There are a couple of things that are typically missing in many Agile projects. One is upfront planning…a lot of people may think doing upfront planning to estimate the scope, costs, and schedule and to explore resource tradeoffs is inconsistent with Agile. I don’t believe it is, but you can do as much or as little of it as you want. At one extreme, you can start an Agile project with little or no defined Product Backlog, completely define the requirements as you go along, and have no idea what the overall cost and schedule will be. Or, at the other extreme, you could have a much more well-defined Product Backlog with story point estimates to estimate the costs and schedule, a defined Product Road Map for completing the project, and a reasonably good idea of when it will finish. I am amazed at the number of people who just launch into an Agile development effort without even realizing that is a choice they can make.

There is also typically such a sense of unbridled optimism and wishful thinking that everything will just somehow come out right that permeates Agile projects. Project Managers develop kind of a sixth sense about projects. It’s kind of a sense of smell you develop after you’ve been a PM for a while that you learn to recognize when a project just “smells” bad and is doomed for failure. You develop that sense of smell more rapidly if you’ve been burned a few times in projects that have failed. A good PM learns to recognize those symptoms of failure early.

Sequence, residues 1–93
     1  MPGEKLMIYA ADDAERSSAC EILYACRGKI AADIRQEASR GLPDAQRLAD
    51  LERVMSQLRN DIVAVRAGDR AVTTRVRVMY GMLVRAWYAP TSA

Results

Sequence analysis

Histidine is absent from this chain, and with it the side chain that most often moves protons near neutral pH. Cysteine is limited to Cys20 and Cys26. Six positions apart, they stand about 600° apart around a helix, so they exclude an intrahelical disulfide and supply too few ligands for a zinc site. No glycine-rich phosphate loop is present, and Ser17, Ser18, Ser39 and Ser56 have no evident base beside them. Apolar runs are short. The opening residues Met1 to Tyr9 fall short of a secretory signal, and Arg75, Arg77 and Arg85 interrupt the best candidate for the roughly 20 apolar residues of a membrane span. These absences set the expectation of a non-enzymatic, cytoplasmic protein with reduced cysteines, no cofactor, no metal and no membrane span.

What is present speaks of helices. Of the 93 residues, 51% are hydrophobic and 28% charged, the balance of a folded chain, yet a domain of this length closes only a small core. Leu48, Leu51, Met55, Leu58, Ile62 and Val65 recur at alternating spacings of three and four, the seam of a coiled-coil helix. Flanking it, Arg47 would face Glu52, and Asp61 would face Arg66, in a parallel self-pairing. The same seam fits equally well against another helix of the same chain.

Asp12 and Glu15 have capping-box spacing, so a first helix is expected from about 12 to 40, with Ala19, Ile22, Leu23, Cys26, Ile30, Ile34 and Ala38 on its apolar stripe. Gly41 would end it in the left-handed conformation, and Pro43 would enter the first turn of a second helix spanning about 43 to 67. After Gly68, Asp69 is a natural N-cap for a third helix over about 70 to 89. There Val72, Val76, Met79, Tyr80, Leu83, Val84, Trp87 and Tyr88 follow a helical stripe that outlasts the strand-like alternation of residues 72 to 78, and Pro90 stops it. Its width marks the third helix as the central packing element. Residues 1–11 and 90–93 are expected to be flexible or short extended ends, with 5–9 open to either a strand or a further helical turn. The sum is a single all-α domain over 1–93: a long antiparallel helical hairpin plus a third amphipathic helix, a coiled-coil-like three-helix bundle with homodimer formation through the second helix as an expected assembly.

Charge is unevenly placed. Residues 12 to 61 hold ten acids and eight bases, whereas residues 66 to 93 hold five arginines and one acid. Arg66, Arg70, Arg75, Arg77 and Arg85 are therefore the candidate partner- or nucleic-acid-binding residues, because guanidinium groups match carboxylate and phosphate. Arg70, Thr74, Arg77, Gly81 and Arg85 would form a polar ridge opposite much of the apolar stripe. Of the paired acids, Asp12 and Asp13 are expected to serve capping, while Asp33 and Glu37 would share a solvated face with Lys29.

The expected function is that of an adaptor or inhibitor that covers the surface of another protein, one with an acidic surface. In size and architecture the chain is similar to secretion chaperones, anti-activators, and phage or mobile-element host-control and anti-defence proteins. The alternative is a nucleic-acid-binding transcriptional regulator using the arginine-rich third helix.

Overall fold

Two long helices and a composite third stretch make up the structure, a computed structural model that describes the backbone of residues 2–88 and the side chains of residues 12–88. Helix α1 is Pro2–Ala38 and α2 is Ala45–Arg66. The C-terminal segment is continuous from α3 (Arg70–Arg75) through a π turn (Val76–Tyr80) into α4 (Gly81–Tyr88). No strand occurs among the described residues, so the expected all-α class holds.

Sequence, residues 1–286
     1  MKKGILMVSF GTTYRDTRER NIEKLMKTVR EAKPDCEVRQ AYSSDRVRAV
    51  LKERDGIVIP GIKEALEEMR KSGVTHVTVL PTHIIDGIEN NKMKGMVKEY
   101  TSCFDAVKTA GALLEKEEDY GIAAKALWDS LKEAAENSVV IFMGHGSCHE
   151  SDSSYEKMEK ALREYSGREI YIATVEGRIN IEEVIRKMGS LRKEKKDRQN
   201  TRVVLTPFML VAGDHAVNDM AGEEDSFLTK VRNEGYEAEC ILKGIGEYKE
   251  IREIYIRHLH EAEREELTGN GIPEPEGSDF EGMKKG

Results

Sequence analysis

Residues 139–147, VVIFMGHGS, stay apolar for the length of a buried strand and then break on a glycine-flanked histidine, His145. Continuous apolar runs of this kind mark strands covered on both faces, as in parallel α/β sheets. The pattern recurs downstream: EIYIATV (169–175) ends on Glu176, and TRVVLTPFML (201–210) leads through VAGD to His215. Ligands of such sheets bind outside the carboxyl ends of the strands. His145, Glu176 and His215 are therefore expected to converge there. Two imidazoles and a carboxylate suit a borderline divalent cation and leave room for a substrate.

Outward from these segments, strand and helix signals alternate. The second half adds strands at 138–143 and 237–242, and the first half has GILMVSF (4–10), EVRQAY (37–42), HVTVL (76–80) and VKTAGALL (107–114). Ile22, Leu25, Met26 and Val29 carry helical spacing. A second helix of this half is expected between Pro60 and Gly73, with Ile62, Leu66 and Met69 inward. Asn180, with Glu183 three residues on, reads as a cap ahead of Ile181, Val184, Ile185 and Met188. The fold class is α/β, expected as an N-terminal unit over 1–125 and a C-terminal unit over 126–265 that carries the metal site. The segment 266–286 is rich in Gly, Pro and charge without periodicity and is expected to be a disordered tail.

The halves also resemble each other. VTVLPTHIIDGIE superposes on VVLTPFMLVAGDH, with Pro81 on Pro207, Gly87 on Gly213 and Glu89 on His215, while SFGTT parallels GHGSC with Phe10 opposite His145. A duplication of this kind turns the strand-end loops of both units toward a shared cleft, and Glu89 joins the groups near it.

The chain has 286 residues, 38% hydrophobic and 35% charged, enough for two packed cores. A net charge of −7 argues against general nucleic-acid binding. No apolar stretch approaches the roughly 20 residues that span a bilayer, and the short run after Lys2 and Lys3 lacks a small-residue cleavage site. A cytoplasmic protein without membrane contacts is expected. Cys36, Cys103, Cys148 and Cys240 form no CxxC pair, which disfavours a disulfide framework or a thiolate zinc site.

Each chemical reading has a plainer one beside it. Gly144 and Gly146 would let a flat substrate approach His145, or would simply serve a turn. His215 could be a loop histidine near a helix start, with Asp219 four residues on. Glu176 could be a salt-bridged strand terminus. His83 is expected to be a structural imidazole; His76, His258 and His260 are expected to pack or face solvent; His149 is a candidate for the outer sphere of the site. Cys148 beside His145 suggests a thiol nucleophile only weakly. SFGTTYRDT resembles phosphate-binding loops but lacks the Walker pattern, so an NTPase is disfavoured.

That sense of impending doom seems to be missing from many Agile projects that are on a path to failure. What seems to happen is that from sprint-to-sprint; the project may be producing good stuff but without an overall plan, no one steps back to see if the project is really going to finish in a reasonable amount of time.

There’s seems to be an opportunity here to integrate some good, old-fashioned, traditional project management thinking with a modern Agile development approach.

What Are the Symptoms of Methodology Myopia?

Have you ever met someone who has “Methodology Myopia”? The symptoms of this problem are that the person thinks that there is one particular methodology (whatever it might be – Agile, Waterfall, or something else) that is a universal solution for any kind of project you might have. This “one size fits all” approach many times results in people force-fitting a project to a methodology whether it fits or not and practicing that methodology rigidly without necessarily tailoring it to fit the situation. I believe that a better approach is to fit the methodology to the project and sometimes that might require blending elements of different methodologies together to fit the situation.

Why does this problem exist?

  • Sometimes people only know one methodology. For example, for many years, project managers were heavily schooled in the Waterfall approach and there was no need to learn any other methodology.